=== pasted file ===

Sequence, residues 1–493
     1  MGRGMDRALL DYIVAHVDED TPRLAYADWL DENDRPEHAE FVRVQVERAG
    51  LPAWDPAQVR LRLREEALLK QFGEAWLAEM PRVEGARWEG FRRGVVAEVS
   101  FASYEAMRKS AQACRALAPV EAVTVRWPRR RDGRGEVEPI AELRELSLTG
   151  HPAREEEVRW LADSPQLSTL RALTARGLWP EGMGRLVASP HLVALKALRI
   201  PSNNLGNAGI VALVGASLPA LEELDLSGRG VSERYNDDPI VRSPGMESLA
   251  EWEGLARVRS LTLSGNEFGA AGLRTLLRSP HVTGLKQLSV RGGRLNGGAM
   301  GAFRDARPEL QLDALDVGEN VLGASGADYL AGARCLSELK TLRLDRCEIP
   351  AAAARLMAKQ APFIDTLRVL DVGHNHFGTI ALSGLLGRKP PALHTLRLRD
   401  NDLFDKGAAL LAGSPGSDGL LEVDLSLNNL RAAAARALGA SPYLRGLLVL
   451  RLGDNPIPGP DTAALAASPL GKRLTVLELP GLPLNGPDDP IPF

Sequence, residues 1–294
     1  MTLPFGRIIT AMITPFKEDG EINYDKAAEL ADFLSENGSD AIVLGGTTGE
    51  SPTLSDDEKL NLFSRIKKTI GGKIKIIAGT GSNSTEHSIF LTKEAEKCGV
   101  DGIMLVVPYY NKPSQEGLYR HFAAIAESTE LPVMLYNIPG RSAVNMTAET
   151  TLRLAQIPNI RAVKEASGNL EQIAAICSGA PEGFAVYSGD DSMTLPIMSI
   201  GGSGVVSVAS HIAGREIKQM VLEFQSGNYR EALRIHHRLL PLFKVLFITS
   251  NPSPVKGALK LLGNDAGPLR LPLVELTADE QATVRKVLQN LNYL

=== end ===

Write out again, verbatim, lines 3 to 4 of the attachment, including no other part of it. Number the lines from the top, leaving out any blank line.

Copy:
    51  LPAWDPAQVR LRLREEALLK QFGEAWLAEM PRVEGARWEG FRRGVVAEVS
   101  FASYEAMRKS AQACRALAPV EAVTVRWPRR RDGRGEVEPI AELRELSLTG